Business needs more storytelling evangelists.
They provide a counter balance to the “Corporate Drivel-ites.”
Even before picking up the book “Tell to Win,” I’m thinking that Peter Guber serving as the face for the storytelling movement is a good thing.
He’s got the street cred, having penned “The Four Truths of Storytelling” for Harvard Business Review in 2007 (more on this later).
Plus, no offense to Steve Denning, the high priest of institutional storytelling, but Peter Guber brings celebrity and a certain “je ne sais quoi” to the cause.
I mean, this is the guy who produced “Rain Man” and goosed Dustin Hoffman’s career.
Such a bias I took into reviewing his book.
As you would expect, Peter knows how to tell a story.
We learn that then presidential candidate Bill Clinton used the movie “High Noon” as a backdrop to tin cup for $90K to keep his campaign alive after losing the New Hampshire primary.
We learn Famous Amos liked the cookie business better than the agent business.
We learn Peter went on the movie set to tell Dean Martin to shape up only to have Frank Sinatra intervene with a “Who the hell are you?” before physically pushing him out the door.
Does the book teach business people how to apply storytelling in their jobs?
It’s a good starting point.
Before going further, keep in mind that Peter focuses on oral storytelling.
If you need to win someone over to your way of thinking, don’t get on the phone or send an e-mail or draft a 140-character plea on Twitter.
Get face-to-face with the person (or people).
Arianna Huffington, cofounder of The Huffington Post and now part of the AOL gang, affirms his belief:
“The more time we spend in front of screens, the more we crave human interaction. I believe the intimate in-person interactions where we tell stories to realize our ambitions, goals and dreams will only intensify as technology expands.”
With this as the backdrop, I found three takeaways that frame the book.
First, recognize that emotions play just as an important role as intellect in how people make decisions.
Stories – not facts, figures and spreadsheets – tap the heart.
This concept can be difficult to grasp for those coming from technical orientations who worship the tangible.
Two, the book explains the importance of personalizing your story with a hero.
There’s simplicity in the definition of a hero that comes from basketball coach and executive Pat Riley:
“In every story there’s one person who can make the difference. That’s your hero.”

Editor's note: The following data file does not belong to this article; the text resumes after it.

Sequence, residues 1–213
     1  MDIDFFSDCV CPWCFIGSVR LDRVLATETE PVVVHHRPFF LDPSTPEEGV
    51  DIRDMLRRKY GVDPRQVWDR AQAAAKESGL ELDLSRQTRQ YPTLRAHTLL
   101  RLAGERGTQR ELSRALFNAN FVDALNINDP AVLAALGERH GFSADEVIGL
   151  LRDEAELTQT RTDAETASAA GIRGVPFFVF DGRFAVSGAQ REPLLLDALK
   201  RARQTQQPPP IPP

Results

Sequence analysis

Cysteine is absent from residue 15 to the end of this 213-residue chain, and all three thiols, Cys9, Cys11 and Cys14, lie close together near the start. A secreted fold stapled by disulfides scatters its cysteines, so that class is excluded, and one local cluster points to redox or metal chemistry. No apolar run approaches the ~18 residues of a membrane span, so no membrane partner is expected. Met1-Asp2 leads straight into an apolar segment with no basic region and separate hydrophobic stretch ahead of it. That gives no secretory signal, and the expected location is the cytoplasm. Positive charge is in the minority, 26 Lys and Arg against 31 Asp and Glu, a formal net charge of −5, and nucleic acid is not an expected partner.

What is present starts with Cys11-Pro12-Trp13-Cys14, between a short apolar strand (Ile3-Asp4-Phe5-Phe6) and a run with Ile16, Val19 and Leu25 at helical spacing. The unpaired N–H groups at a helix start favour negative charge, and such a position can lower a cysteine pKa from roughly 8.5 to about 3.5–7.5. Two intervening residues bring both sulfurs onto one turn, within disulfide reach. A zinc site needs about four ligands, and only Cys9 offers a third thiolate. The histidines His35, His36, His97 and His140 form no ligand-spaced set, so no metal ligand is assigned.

And three, storytelling offers a means to show vulnerability, a quality for building trust.
According to Keith Ferrazzi, author of “Never Eat Alone” and one of Guber’s resources:
“Vulnerability is one of the most underappreciated assets in business today. Everyone has something in common with every other person. And you don’t find those similarities if you don’t open up and expose your interests and concerns, allowing others to do likewise.”
Putting the double negative aside, it’s an excellent point.
For those who favor their geek side, the book tackles the cognitive part of storytelling as well.
I especially liked the line from Jerome Bruner, a cognitive psychologist:
“Narrative emerges from violations to expectations.”
Peter’s buddy and neuroscientist Dan Siegel explains:
“You have expectations in your head; I have expectations in my head. We sit down to breakfast. I tell you, ‘I got up this morning, I went to the bathroom and picked up my toothbrush and put toothpaste on it, blah, blah, blah.’ Our expectations are totally in sync. There’s no violation of them. It’s boring. It’s not memorable.”
Allow me to simplify the equation.
Violation = Attention.
There were a couple parts in the book that didn’t work for me.
The inconsistency in one particular story rubbed me the wrong way. Peter’s quest to film in the waters of Havana Harbor hit a standstill until Fidel Castro set eyes on Miss Universe, Shawn Weatherly.
I’ll let Peter pick up the story in the book from here:
“But then he [Fidel] noticed something else. Shawn was holding a tooth as big as her hand, which had come from a 250-foot prehistoric great shark called a megalodon. This creature was some ten times larger than any shark living today, and its tooth clearly interested the president, so Shawn handed it to him. I seized on this serendipity to reset my story into a tale of the megalodon.”
Yet, the same story in Peter’s essay for Harvard Business Review depicts the tooth handover differently:
“As I spoke, I watched Castro toy with the equipment and listen with growing interest to the story of Havana harbor’s past. Finally, breaking the bureaucrat’s rule, I presented the Cuban leader with a giant tooth (seven inches long, five inches wide) from a megalodon, a prehistoric shark that had once prowled Havana’s waters.”
Also, I could have done without the pop psychology lesson; i.e., Larry King stayed at CNN because Ted Turner knew King put loyalty above money due to his father’s premature death which King interpreted as disloyalty.
Still, these aren’t major flaws.
All in all, I liked the book as well as the idea of Mr. Guber bringing greater attention to the storytelling movement.
As long as the reader doesn’t expect “Tell To Win” to be a magic wand transforming one into part Steve Jobs, part Ken Burns, we’re good.